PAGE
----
Churchill's comment "this is a situation up with which I will not put" comes to mind (on his being confronted by a pedant wanting to change Churchill's sentence to stop it ending with a preposition). To see the myth put to bed firmly, read Fowler. Both the current Burchfield and the previous Gowers edition show how the myth came about, as well as dismissing it as inconsistent with good English. It's like the idea that you shouldn't start a sentence with an "and" or split an infinitive - things you sometimes learn as gospel in school (though not from teachers who truly know their English), but which are actually much more fluid in the best English. And I would second the idea that "to put a coat on" is perfectly acceptable English. "To put on a coat" can imply that you mean a coat rather than a jacket, so changing the position can change the meaning.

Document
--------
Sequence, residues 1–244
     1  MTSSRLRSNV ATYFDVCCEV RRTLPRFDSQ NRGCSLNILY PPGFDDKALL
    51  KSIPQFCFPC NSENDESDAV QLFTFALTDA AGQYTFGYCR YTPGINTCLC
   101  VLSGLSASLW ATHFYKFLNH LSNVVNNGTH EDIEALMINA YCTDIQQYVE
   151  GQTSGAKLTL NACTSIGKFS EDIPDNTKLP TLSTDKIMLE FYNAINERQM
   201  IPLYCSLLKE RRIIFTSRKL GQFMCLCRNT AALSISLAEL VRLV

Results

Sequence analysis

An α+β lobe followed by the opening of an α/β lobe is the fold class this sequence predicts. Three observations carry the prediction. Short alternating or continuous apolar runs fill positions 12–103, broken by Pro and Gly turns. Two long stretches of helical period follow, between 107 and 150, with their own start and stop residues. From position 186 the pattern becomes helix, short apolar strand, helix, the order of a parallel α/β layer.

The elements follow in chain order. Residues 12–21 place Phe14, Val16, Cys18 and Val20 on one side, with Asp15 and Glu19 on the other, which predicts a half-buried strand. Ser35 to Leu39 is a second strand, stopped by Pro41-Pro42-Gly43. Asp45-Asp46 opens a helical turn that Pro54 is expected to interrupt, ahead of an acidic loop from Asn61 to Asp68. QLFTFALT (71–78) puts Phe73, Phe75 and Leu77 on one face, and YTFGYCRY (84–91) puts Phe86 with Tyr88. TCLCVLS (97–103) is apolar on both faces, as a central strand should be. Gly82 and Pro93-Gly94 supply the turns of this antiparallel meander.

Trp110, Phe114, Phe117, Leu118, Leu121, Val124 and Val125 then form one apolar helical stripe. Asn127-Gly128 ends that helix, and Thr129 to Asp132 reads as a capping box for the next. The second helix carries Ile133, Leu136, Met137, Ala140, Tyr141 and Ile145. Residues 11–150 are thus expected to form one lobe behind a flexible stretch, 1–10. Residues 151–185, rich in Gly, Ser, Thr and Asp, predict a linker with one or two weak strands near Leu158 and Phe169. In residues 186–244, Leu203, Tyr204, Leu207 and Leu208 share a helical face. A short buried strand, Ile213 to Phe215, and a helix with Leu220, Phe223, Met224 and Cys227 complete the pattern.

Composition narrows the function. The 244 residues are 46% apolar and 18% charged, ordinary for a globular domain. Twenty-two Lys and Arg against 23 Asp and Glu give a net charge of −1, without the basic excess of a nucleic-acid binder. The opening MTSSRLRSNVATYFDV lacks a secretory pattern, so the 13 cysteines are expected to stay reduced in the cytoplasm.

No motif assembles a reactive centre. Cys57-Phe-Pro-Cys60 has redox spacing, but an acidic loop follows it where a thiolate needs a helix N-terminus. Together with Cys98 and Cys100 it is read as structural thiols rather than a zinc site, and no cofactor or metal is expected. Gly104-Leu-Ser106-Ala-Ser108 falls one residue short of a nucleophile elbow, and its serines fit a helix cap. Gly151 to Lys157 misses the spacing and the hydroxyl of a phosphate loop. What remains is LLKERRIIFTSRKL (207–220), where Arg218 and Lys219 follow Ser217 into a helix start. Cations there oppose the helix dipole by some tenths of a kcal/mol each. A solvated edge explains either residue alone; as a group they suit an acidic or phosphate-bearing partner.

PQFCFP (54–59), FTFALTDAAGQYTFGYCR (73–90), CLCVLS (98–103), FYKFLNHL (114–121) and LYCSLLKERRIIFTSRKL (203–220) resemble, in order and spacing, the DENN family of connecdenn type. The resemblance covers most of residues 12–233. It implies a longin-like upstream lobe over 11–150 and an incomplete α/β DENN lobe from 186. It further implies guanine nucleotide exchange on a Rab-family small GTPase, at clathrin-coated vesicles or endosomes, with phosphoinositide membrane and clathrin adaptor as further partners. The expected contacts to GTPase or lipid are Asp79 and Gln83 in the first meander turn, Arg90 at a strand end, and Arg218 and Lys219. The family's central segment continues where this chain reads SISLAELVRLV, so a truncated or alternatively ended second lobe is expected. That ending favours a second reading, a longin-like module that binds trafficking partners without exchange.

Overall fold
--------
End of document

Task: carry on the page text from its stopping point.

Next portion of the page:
It's also the feel and the sound of it -- a sentence in any language rings true , or not, to native speakers, if they've learned their mother tongue well to begin with. Both are acceptable English. One is better, more fluent English. If you want to evoke pointless pedantry your assertion that the order of "on" in this sentence changes the meaning (??) is a good example.